When expressing a colour in RGB, what we are trying to specify is the amount of light which will be emitted from each phosphor, as a fraction of full power. What we are actually specifying is however the voltage which will be applied to each electron gun.
The two are not linearly related, because the amount of light emitted is proportional to the beam power rather than the voltage. The beam power is the product of voltage and current, and current turns out to be roughly proportional to the grid voltage to the power 1.5. Thus, the light emitted is proportional to the voltage to the power 2.5 or so. The actual value of the exponent, called gamma, varies somewhat and the power law is only an an approximate model of the real situation, albeit a good one. An additional optical effect caused by viewing images against a dim surround is that the effective gamma value is somewhat reduced, from a theoretical 2.5 to around 2.2
To deal with this non-linearity, the inverse power function (1/2.2) is applied to the RGB data before display, compensating for the non-linearities which will be introduced. Figure 5 shows a typical correction curve, which is a mirror image about the line Input = Output of the display non-linearity. (In other words, the display non-linearity curves down from a straight line and so the gamma correction curves up from that line .
Fig 5: A typical gamma correction curve.
There are a number of places at which this correction could be applied, and this affects how Web user agents handle image data.
The end result of all these potential corrections, plus the display non-linearity, must equal a linear transformation for accurate tonal reproduction to be obtained. The Web user agent must therefore be aware of the amount of correction from step one (in the image file received from the server) and from steps two and three (provided by the underlying platform) so that the appropriate correction can be made.
With most image formats there is no way to determine if any correction has been applied at step one, and if so, what value was used. This results in considerable uncertainty among information providers as to how to proceed. The following quote is typical:
We have no real stats on what people on the nets have and what looks best. Most Mac's wash out the colors while Windows 3.1 make everything look dark. We need to know what is the best approach to providing free graphics. Please let us know what you want!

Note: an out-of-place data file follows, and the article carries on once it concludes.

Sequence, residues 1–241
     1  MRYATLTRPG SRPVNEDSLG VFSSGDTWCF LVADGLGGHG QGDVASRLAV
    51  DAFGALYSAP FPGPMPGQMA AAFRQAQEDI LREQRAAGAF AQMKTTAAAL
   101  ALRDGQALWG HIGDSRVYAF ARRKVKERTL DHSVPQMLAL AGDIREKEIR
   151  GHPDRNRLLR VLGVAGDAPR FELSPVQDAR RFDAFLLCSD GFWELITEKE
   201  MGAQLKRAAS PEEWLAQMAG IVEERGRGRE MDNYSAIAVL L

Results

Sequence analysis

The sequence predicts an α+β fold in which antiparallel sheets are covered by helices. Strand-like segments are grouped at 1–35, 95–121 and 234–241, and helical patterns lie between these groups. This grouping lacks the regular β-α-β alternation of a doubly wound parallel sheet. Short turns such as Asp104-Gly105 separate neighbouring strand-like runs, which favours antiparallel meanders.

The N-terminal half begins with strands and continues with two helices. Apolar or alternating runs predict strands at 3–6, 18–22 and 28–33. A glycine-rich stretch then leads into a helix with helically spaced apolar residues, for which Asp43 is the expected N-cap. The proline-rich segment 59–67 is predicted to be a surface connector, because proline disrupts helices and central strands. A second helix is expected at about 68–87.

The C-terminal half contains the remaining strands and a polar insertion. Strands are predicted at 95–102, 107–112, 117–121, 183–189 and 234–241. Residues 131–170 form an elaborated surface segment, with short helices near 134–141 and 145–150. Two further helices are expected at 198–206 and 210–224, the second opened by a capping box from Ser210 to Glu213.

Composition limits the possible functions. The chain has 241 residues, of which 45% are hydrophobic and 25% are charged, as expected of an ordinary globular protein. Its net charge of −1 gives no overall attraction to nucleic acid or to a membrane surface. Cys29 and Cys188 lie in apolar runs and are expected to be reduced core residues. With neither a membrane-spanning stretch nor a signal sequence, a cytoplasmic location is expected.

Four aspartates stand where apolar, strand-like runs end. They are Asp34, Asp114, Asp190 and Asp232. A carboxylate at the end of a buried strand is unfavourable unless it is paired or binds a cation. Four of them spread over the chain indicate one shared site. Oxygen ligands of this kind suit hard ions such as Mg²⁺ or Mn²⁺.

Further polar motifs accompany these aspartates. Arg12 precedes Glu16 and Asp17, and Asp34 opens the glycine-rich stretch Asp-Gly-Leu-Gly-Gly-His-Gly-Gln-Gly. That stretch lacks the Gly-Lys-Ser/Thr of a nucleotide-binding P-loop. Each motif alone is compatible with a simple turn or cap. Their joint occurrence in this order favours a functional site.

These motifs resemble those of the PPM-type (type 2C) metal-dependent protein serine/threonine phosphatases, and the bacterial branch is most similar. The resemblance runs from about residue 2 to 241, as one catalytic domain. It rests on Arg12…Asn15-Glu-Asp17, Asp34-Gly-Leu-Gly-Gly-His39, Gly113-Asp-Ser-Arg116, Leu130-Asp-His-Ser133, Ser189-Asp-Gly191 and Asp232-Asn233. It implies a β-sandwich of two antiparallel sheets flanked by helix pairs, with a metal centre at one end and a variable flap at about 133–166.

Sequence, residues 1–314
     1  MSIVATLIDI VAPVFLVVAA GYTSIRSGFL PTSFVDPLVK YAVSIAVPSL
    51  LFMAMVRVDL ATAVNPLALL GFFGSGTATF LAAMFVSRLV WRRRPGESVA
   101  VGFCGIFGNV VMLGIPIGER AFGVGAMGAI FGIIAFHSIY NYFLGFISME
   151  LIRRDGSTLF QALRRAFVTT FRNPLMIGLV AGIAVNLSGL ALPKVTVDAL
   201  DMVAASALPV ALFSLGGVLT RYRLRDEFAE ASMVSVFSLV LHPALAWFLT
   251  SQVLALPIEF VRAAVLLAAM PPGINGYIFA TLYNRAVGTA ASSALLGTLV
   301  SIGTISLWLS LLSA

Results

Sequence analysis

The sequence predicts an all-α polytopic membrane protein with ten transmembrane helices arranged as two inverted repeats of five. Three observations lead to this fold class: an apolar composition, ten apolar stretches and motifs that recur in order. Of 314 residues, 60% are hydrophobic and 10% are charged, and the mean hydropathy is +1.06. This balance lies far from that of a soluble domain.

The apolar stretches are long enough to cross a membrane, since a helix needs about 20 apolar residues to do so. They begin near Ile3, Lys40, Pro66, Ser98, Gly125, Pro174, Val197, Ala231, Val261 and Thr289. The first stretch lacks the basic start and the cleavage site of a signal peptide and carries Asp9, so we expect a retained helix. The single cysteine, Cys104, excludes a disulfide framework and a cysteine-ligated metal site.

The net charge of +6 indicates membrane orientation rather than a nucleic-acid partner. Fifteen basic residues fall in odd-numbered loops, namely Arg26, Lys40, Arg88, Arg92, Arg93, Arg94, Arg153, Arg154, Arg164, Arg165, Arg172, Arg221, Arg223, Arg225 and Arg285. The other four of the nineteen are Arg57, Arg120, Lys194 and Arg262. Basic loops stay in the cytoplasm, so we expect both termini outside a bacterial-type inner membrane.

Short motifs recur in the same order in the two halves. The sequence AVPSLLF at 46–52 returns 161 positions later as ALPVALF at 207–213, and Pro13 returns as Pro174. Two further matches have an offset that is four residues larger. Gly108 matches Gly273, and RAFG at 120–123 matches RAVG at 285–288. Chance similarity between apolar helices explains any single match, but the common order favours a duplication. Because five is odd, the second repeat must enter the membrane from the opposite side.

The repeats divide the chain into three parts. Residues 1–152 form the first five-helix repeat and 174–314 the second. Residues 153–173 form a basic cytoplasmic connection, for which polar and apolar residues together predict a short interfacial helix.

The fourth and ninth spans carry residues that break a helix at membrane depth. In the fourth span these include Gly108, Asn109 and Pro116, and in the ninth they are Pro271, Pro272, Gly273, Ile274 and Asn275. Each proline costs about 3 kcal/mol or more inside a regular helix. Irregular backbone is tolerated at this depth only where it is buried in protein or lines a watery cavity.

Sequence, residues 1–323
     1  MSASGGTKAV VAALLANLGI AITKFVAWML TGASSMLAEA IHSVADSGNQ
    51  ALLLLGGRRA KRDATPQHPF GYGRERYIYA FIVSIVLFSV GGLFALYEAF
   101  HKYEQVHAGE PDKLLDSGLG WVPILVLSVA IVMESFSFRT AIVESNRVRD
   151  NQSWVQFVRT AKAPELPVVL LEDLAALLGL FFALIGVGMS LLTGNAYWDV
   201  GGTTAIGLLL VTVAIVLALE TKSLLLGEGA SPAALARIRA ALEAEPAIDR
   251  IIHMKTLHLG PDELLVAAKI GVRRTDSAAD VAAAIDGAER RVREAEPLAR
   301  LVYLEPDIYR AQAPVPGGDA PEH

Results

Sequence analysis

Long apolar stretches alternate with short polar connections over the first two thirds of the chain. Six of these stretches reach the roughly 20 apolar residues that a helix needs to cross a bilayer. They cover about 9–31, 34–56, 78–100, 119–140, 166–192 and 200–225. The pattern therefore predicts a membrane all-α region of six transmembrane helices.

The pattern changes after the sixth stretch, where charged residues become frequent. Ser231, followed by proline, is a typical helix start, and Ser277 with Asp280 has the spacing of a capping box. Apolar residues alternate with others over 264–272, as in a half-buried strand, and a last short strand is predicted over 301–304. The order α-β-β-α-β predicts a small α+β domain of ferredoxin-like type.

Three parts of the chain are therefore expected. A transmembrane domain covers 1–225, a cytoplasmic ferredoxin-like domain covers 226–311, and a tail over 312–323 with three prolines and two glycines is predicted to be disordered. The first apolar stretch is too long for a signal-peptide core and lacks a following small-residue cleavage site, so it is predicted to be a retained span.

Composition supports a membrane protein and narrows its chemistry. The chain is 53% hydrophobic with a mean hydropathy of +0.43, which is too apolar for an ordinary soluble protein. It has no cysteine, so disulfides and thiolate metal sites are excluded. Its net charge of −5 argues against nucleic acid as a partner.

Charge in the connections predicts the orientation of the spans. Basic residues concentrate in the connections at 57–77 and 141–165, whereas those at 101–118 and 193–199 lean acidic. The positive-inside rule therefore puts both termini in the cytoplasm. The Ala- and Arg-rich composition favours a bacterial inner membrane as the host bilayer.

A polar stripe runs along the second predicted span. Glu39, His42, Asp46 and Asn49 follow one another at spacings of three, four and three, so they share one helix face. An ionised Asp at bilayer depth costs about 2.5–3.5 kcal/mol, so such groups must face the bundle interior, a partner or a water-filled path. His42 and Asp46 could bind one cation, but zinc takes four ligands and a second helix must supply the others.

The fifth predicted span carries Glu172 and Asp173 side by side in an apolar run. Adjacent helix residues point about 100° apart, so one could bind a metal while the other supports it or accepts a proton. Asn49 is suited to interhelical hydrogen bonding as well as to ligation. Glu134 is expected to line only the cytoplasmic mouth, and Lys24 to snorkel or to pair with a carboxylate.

What is needed is for the image file to contain machine-readable details of the correction that has been applied. This facility has been part of the Utah RLE format  for several years. TIFF files  can contain very precise transfer curves although most in practice do not. PNG also has the facility to record any gamma correction that has been applied. Kodak PhotoCD  uses a single standard transfer function. Clearly, such formats make the user agent implementor's job much easier.
If an image is under or over gamma corrected, this also affects the colour balance. Over correction (in addition to making mid-tones too light) shifts colours towards neutral grey, while under correction (in addition to making mid-tones too dark) shifts colours towards the display primaries.
Viewing on screen and printing on paper are two process with very different transfer characteristics, so what is right for one is not right for the other. The extent of the mismatch depends on how much of the required correction has already been done to the image, how much is done in the viewing software, and how much (if any) is done by the software or hardware of the underlying platform.
User agents should provide some sort of gamma correction which does the right thing in as many cases as possible. This might be done by, in order of importance:
User agents which offer printing should be aware of the different gamma requirements for screen and print and might offer similar facilities (allowing customisation, printing a test chart) to adjust gamma for printing.